Berkelium and Neptunium Isotopes

Assessment task

This task is worth 10% of your HSC assessment mark . There are 22 marks available

Nuclear Chemistry is a relatively new area of chemistry, which is widely used in medicine and industry.

Select two recently discovered isotopes and explain how they were discovered.

Also show how isotopes are used in medicine and industry and analyse the benefits and the problems associated with their use.

Marking criteria:

  1. Select two recently discovered isotopes Isotope one: Description of the isotope (2 marks) Description of discovery process (2 marks) Isotope two : Description of the isotope (2 marks) Description of discovery process (2 marks)
  • Provide a range of uses of isotopes in medicine and industry (at least two uses in each area including a description of how they are used.) (8 marks)
  • Analyse the benefits and problems associated with the use of isotopes in medicine and industry using examples where possible (6 marks)

Please attach this sheet to your assessment task

The production of the latest isotopes was from the trans-uranium elements, a term used to describe the elements that were discovered shortly after the uranium and comprised of elements with an atomic number starting from 93 and beyond. The discovery of the latest isotopes can be dated back to 1961 and 1940, when the production of the trans-uranium elements started. The common characteristics of the trans-uranium elements are that, all of them are radioactive and emit energy when they decay to form more stable atoms. Among the newly produced isotopes are the isotopes discovered for Berkelium and Neptunium elements, established as trans-uranium elements amid 1940 and 1961 by the researchers at the UCB College in California. The production of trans-uranium compounds was through the passage of materials through the particle accelerator known as atomic smasher and bombarding them on a target made of a hard material such as tin, copper and gold. Production of the elements was as a result of the particles striking the atoms of the target materials.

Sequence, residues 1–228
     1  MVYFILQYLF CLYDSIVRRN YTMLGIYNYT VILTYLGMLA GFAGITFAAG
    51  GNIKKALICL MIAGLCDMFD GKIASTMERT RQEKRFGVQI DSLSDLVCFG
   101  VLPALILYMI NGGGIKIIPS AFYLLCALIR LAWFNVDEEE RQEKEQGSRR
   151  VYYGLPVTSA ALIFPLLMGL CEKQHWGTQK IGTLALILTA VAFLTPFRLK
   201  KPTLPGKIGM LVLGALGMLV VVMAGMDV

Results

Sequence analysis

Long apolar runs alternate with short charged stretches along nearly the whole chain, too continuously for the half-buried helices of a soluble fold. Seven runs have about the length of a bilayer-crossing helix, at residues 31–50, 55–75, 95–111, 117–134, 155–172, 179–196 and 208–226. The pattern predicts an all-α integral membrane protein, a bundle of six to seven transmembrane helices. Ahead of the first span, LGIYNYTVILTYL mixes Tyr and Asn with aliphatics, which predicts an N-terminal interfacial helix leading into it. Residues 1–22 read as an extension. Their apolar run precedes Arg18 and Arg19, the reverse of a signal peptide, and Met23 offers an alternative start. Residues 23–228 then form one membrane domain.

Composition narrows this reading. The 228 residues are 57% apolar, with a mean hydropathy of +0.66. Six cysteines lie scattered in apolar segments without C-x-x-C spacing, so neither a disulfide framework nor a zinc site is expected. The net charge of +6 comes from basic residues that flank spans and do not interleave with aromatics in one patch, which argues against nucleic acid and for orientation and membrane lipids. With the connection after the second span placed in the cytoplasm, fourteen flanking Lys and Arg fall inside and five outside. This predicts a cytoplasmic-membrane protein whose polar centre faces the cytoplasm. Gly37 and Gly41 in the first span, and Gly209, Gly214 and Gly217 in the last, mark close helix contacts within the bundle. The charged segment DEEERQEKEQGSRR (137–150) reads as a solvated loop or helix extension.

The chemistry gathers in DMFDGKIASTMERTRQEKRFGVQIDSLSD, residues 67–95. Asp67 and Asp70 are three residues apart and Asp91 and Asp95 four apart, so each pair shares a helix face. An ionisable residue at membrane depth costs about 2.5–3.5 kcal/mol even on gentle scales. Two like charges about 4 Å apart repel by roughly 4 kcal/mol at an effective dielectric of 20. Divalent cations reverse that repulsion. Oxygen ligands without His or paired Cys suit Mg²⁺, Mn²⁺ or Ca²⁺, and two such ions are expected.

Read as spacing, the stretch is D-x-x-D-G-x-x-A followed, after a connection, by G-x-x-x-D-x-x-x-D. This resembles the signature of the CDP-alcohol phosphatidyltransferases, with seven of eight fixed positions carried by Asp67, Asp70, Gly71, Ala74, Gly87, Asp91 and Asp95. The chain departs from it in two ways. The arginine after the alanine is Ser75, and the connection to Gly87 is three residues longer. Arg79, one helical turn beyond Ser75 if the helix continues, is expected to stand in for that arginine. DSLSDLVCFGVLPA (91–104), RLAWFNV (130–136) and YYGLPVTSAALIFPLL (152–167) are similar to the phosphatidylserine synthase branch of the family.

Berkelium-247             It is an isotope of the Berkelium element; a trans-uranium element discovered at Berkeley Campus through a bombardment of helium atom on a target made of americium atoms by an accelerator. The element does not occur naturally, but is found commonly in the artificial form. Berkelium-247 is a more stable Berkelium isotope, with a half-life of approximately 1,380 years. Such a half-life makes the isotope primordial, implying that the isotope which was naturally occurring by now has decayed. It explains the reason for the artificial production of the isotope.  It indicates that it will take 1,380 years for the Berkelium-247 sample to decay to a half of its initial weight. After the decay of the isotope, americium-243 is produced using the alpha decay process.  It is the reason the isotope gets the reference as the alpha emitter.  Among the 20 isotopes of Berkelium, Berkelium-247 is the only isotope with most actinide properties. It is capable of producing alpha particles which are convenient for research compared to beta particles associated with berkelium-249 isotope. The distinction between the two isotopes is that while berkelium-249 produce soft beta radiations, berkelium-247 isotope produces alpha particles, which are appropriate for detection purposes…

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